Hussman Weekly Market Commentary: Avoiding the Big Loss
Hussman Funds - Weekly Market Comment: May 8, 2006 - Avoiding the Big Loss: "Here's a historical fact that I don't recommend as a timing tool or investment strategy, but is true nonetheless. Had an investor sold the S&P 500 index anytime it reached a price/peak earnings ratio of 19 (i.e. 19 times the highest level of earnings achieved to-date), and then simply sat in Treasury bills, possibly for years, reinvesting in stocks only when the S&P eventually declined to 14 times earnings, that investor would have captured the entire historical return enjoyed by S&P 500, with substantially lower volatility and risk exposure.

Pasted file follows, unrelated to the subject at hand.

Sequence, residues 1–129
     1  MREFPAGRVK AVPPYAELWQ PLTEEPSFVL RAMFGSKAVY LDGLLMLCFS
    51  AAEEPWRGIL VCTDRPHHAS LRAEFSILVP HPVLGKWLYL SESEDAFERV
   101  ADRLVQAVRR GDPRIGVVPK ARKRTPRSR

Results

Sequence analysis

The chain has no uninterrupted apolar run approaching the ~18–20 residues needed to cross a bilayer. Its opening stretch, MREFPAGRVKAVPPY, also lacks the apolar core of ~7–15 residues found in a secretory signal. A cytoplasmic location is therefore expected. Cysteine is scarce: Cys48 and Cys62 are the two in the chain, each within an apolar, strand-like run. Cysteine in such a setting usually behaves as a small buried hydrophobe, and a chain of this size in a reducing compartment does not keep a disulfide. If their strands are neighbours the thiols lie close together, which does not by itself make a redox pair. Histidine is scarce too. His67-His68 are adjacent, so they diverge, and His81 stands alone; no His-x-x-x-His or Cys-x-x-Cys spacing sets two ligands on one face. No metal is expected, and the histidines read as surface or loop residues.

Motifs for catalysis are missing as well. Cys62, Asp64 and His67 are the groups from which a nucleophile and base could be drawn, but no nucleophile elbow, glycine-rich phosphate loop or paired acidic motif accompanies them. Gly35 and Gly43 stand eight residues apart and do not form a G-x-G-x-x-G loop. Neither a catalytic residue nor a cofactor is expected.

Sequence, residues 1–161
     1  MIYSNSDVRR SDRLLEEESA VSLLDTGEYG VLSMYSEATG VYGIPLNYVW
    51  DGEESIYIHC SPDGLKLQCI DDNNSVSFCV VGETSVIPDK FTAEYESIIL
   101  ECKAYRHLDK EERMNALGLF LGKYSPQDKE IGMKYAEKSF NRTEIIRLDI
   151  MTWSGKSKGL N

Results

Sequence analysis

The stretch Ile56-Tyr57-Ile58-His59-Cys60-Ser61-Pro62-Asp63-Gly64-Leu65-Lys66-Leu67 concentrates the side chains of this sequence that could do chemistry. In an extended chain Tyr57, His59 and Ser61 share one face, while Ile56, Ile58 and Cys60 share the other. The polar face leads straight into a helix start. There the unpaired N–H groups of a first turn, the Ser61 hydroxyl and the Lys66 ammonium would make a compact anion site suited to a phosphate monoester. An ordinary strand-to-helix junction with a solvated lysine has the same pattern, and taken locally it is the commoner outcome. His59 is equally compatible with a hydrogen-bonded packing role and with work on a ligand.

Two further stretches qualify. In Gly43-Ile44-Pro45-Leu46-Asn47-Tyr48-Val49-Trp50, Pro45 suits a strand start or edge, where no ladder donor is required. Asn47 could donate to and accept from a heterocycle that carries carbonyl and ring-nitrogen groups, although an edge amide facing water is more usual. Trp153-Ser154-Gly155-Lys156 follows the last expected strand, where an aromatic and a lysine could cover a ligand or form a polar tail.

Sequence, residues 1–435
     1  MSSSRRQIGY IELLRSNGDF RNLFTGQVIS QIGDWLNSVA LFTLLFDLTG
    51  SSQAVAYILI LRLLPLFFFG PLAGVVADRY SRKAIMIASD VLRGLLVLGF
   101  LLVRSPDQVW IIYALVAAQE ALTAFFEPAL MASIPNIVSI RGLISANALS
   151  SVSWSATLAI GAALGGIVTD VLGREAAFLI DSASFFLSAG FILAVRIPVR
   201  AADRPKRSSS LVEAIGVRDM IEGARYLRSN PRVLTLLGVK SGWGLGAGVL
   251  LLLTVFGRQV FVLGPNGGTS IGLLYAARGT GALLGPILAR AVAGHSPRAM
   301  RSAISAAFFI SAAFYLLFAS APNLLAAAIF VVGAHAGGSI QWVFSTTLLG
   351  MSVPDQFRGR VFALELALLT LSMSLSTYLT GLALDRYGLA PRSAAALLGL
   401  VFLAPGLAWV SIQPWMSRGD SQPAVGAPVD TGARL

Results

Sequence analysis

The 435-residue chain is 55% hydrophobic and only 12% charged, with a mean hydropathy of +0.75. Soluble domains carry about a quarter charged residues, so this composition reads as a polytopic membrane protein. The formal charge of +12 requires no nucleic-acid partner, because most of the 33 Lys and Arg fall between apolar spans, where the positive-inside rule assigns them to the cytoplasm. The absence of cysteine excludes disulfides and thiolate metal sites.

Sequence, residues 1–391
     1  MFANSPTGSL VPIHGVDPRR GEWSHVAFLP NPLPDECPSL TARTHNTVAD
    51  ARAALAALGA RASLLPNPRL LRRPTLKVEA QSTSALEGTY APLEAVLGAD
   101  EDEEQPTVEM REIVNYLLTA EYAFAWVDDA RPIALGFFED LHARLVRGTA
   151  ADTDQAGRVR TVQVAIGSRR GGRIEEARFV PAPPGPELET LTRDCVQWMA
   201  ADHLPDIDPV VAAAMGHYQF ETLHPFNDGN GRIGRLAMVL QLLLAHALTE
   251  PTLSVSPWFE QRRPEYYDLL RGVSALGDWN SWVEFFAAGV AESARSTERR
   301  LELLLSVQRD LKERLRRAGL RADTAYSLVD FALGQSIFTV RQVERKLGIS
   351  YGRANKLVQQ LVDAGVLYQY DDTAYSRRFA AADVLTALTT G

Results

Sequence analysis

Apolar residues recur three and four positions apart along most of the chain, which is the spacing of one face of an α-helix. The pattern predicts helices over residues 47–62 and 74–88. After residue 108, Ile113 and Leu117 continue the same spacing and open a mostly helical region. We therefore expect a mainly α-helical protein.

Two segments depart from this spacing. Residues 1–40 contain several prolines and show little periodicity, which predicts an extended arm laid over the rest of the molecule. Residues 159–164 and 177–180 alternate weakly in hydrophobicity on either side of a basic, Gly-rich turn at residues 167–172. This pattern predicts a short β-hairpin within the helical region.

Even easier, suppose that an investor sold the S&P 500 at 19 times record earnings, and just sat out of the market until the S&P 500 eventually dropped 30% from its prior highs (say, on a weekly-closing basis). Nothing more. Just sell at the first point of overvaluation and then sit around waiting for a plunge. That strategy would have placed an investor out of the stock market nearly 30% of the time, yet would have produced total returns of 13.03% annually since 1940 (versus 11.90% for a buy-and-hold approach), and 13.67% since 1970 (versus 12.96% for a buy-and-hold).
Now, one might say sure, but that's because you've eliminated several deep, unusual �outliers� like the �69-70 decline, the �73-74 plunge, the �87 crash, and the 2000-03 bear market. But that's exactly the point. All of those plunges had their origins in rich valuations."